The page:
Or was it?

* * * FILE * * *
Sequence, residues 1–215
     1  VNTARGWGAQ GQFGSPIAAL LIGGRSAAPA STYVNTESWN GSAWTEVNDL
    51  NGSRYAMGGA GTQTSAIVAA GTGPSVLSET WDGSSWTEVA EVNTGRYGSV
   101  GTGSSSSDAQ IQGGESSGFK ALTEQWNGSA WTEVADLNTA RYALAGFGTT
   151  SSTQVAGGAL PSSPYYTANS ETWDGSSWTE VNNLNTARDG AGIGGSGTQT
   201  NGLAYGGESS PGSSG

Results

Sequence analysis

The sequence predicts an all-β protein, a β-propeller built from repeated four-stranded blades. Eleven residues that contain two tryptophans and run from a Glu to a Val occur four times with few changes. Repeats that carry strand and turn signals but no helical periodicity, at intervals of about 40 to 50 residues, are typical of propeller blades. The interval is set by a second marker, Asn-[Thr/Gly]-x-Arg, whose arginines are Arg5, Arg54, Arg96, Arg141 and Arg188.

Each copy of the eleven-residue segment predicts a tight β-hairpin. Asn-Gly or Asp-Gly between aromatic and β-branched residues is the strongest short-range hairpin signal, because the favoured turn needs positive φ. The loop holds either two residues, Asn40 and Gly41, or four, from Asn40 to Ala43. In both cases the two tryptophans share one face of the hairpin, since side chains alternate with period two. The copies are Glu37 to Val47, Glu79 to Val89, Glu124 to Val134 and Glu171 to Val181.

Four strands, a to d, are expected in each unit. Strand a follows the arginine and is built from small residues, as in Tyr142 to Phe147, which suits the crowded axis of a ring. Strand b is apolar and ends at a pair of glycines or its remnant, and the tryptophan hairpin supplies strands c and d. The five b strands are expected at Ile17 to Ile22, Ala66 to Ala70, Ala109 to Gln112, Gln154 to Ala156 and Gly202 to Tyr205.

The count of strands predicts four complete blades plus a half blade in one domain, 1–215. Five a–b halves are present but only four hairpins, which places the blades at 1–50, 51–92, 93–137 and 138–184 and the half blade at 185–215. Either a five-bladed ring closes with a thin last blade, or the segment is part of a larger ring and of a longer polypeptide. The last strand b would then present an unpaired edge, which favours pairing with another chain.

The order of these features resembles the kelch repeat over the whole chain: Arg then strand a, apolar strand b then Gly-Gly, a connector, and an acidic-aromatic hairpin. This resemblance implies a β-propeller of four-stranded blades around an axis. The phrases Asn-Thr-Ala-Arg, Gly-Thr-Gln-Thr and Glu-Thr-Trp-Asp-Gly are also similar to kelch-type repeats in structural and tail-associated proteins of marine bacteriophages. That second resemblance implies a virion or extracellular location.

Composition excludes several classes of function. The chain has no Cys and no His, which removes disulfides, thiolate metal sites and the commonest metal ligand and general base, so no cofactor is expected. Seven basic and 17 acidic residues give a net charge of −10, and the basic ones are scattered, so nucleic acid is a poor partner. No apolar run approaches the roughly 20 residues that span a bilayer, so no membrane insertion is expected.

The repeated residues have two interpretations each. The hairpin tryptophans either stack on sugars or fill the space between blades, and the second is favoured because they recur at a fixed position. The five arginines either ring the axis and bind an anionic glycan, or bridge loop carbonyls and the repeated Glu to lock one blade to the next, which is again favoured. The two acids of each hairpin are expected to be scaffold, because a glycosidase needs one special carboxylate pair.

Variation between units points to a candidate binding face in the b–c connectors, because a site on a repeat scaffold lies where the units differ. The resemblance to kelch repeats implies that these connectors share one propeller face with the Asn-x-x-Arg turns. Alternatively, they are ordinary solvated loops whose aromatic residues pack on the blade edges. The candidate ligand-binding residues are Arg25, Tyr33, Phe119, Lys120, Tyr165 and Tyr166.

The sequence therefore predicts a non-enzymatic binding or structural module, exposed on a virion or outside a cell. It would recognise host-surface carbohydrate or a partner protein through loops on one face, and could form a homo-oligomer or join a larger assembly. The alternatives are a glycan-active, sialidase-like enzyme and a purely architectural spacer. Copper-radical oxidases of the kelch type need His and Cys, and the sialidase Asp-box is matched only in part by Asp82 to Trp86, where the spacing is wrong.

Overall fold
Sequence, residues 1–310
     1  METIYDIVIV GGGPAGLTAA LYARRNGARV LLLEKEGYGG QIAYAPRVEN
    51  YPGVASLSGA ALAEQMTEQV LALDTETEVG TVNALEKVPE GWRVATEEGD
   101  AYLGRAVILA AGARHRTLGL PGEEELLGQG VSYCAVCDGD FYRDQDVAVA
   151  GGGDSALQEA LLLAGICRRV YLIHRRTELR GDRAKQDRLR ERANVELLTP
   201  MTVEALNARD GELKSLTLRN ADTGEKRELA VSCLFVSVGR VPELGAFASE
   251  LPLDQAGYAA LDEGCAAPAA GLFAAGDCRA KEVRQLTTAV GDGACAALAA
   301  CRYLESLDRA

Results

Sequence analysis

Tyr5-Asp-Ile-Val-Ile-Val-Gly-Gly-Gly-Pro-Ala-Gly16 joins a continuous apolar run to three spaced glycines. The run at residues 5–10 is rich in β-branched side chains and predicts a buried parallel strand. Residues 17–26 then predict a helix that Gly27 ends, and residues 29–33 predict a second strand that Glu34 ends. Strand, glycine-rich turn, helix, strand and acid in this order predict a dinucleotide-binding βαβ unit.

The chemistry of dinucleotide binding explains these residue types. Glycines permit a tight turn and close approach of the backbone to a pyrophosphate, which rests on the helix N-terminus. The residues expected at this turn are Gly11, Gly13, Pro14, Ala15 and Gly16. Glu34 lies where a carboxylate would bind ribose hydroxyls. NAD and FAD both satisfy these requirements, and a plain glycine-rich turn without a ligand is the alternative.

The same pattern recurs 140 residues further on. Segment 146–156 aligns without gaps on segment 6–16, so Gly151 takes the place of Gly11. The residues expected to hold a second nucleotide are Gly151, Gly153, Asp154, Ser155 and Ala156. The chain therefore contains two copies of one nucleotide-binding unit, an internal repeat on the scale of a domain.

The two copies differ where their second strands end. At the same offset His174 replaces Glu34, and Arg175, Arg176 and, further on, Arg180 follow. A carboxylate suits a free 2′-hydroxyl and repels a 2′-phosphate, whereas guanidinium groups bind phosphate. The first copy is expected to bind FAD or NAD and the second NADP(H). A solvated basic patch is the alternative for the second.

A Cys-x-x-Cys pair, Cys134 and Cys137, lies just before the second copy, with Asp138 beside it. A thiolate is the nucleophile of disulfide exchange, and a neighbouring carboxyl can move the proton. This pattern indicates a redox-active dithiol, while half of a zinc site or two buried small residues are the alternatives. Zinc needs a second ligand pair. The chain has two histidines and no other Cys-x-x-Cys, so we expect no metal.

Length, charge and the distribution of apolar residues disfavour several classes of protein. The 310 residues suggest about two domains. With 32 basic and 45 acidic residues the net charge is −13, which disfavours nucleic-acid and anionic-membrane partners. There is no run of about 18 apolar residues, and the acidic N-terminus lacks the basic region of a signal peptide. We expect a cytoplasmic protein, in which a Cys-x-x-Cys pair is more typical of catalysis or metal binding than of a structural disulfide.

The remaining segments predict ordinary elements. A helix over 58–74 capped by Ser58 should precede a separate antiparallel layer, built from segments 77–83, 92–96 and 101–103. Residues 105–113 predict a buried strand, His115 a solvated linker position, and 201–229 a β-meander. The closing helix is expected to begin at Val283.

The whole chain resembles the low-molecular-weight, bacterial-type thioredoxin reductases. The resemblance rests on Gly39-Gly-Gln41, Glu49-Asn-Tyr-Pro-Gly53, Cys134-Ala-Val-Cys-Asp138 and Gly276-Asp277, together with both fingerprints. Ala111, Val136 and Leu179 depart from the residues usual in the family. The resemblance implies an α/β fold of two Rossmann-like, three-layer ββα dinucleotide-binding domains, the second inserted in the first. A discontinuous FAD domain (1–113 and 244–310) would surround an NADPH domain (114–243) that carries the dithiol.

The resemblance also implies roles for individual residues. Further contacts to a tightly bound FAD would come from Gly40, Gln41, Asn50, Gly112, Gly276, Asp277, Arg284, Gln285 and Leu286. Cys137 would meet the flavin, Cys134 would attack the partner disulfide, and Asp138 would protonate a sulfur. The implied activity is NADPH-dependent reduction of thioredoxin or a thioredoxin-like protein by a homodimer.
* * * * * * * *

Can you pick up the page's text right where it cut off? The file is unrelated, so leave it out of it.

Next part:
His head spun with the din of unanswered questions. Saunders’ army, too, had been drafted in for the search last evening, he remembered. The boys in the field had begun to say that he and Dado were working at cross purposes but with Plebiscite around the corner, with power at a sniffing distance, there was bound to be various alliances and uncouplings. There were rumbles of a few generals being unhappy about handing The Lambda over—but that was probably nothing, you can’t take back a house after the signatures are done or tell the new owners how to arrange their furniture. The meeting of The Partisans with the Fairlanders was another curious affair. Just a day or two away, there were no security arrangements being made at The Malacca where the meeting was to be held. It was as if no one was expecting them to eventually turn up… Lala’s son Polo would represent the Dongs he had heard but the talk in town was he hadn’t been seen for days… Anyway, all that’s nothing to do with me, I’ll get on with my work. What else does a policeman do but adjust his cap in the direction of the new masters, whoever they may be? Screw caught himself smiling in the glass of one of the room’s almirahs, and quickly composed himself. He found he didn’t know what to do with himself, or how to proceed with Dado in the room around whom worshipful islands of cops were forming in imitation of the other.